- The Washington Times - Tuesday, August 15, 2006

2:07 p.m.

BEIRUT — Israel began slowly pulling out forces from southern Lebanon and made plans to hand over territory today on the first full day of a tense cease-fire that already has been tested by skirmishes and rocket fire.

Israeli and Hezbollah forces avoided any escalation, raising hopes that the U.N.-imposed pact could stick, and governments rushed to assemble international troops to deploy in southern Lebanon.

Hezbollah’s two patrons, Syria and Iran, proclaimed that the guerrillas had won the fight with Israel and thwarted America’s plan for a “new Middle East” — a reflection of the two countries’ boosted confidence and Hezbollah’s increased popularity around the Arab and Islamic world.

Secretary of State Condoleezza Rice said early in the war between Hezbollah and Israel that any settlement should be durable and lead to a “new Middle East” where extremists have no influence.

However, after 34 days of fighting, a cease-fire that took effect yesterday brought only a fragile truce, with Hezbollah surviving and Israeli forces unable to score a decisive victory. Hezbollah leader Sheik Hassan Nasrallah has declared a “strategic, historic victory” against Israel.

Israel and its main backer, the United States, portrayed Hezbollah — and by extension, its main backers, Iran and Syria — as the losers. “There’s going to be a new power in the south of Lebanon,” President Bush said yesterday.

As Lebanese refugees streamed home, Israeli warplanes dropped leaflets over southern Lebanon warning residents to stay out of the area until Lebanese and international troops are deployed.

“The situation will remain dangerous” until the forces are deployed, the leaflets read.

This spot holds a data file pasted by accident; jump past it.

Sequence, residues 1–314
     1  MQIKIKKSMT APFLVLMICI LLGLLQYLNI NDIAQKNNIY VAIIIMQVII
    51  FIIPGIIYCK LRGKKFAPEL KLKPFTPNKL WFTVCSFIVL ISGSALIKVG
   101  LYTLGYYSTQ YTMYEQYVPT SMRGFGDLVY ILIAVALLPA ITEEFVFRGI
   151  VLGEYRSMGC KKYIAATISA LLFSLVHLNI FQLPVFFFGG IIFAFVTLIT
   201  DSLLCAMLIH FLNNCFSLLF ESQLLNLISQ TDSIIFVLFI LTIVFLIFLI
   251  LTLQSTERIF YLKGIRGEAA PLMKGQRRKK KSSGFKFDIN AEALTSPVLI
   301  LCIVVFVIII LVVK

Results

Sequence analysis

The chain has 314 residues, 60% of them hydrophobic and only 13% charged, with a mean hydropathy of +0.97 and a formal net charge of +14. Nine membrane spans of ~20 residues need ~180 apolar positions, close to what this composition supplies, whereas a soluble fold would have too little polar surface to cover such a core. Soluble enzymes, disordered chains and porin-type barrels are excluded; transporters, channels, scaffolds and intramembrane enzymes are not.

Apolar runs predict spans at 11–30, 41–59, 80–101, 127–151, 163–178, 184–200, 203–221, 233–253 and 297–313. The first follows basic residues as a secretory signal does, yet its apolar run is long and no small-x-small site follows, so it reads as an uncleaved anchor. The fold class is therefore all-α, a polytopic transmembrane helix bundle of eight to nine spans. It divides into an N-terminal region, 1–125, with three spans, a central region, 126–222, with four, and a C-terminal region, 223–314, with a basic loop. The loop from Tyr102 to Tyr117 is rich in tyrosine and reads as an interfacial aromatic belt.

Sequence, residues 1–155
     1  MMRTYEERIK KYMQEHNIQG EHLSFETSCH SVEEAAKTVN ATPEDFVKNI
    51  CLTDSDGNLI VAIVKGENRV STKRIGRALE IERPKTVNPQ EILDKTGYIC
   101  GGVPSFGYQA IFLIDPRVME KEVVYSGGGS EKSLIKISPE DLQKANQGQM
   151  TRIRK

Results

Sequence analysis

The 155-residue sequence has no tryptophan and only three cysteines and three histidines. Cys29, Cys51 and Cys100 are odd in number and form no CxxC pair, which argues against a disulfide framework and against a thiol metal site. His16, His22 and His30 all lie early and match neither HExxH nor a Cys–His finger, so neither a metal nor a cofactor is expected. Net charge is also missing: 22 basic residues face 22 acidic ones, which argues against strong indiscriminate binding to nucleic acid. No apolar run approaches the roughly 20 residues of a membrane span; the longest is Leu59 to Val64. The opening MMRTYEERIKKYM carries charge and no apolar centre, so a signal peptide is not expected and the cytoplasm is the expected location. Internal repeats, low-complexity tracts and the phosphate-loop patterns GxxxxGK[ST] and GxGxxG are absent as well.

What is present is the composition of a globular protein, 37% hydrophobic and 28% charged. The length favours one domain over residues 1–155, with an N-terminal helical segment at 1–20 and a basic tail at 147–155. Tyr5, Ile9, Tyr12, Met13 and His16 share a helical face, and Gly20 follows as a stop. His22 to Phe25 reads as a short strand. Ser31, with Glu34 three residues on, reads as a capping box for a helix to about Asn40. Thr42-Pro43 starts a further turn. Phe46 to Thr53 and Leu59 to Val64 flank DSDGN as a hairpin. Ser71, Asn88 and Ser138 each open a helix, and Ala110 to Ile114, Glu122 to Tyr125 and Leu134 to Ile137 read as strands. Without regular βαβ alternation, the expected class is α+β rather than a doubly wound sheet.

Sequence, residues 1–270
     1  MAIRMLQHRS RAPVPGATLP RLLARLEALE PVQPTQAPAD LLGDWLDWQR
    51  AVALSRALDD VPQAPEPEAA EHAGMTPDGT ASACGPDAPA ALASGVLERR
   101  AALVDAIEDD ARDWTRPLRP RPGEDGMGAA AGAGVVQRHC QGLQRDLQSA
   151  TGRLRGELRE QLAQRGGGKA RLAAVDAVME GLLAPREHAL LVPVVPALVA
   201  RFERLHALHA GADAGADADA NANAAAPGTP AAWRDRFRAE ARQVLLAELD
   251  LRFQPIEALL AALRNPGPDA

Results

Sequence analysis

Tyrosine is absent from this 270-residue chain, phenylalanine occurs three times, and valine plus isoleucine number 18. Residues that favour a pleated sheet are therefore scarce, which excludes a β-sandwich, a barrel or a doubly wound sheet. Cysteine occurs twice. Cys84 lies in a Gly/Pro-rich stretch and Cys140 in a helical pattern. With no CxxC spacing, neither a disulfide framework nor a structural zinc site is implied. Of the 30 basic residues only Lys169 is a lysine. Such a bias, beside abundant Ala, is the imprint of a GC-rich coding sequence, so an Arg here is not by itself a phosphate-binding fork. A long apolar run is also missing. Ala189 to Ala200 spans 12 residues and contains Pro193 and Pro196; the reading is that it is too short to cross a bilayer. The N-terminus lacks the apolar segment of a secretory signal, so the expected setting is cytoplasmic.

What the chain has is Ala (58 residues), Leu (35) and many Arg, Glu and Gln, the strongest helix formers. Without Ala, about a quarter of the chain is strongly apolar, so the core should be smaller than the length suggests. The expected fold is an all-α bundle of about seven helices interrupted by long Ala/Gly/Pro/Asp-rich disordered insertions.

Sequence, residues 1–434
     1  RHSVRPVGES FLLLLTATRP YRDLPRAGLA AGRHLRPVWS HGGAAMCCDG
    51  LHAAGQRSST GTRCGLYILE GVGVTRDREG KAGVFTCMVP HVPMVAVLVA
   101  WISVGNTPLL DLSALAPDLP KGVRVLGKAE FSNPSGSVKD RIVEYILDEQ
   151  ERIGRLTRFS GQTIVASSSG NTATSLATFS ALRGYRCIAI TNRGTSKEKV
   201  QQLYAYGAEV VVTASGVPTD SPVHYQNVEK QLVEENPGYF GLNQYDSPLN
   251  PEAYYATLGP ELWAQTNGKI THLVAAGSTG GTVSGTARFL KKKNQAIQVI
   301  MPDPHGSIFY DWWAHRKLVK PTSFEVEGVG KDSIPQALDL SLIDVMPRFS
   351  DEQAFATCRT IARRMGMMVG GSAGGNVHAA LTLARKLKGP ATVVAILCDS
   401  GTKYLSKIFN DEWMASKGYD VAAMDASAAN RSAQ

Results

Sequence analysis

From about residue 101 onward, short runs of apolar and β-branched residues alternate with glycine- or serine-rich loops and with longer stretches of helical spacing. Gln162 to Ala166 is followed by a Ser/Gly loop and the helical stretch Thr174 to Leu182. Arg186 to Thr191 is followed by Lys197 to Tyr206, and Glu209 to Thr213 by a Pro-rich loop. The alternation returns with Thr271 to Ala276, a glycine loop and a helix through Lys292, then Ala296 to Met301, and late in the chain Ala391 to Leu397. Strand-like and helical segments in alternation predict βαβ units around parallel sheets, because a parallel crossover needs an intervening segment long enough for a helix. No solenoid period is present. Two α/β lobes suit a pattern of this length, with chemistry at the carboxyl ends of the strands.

Israeli soldiers in southern Lebanon shot five Hezbollah fighters today in two separate incidents, but it was not clear whether they were wounded or killed, the army said.

The Islamic militant group fired at least 10 rockets at Israeli targets in southern Lebanon shortly after midnight, but none landed in Israel. Yesterday, at least six Hezbollah militiamen were killed by Israeli troops waiting for a peacekeeping force before beginning a full-scale withdrawal.

Israel is waiting for a peacekeeping force to deploy in the south before withdrawing. Lebanon is under intense international pressure to get soldiers moving south into Hezbollah territory — a key element in the U.N. Security Council plan to end the conflict that claimed more than 970 lives.

Iranian President Mahmoud Ahmadinejad said Hezbollah has “hoisted the banner of victory” over Israel and thwarted U.S.-led plans to forge a Middle East dominated by “the U.S., Britain and Zionists.”

“God’s promises have come true,” Mr. Ahmadinejad told a huge crowd in Arbadil in northwestern Iran. “On one side, it’s corrupt powers … with modern bombs and planes. And on the other side is a group of pious youth relying on God.”

In Damascus, Syrian President Bashar Assad said the region has changed “because of the achievements” of Hezbollah and turned U.S. dreams of a “new Middle East” into “an illusion.”

The U.N. Security Council blueprint calls for Lebanese forces to join up with another 15,000 soldiers in a strengthened U.N.-backed military mission. Their job would be to patrol an 18-mile buffer zone from the Litani River to the Israeli border.

Lebanon’s Defense Minister Elias Murr said the Lebanese force of 15,000 soldiers could be on the north side of the Litani River by the end of the week. However, they still must cross the river and try to enforce the central government’s control over Hezbollah areas for the first time in decades.

In Jerusalem, Israeli army officials said they plan to begin handing over some captured positions tomorrrow and hope to complete the withdrawal from Lebanon by next week.

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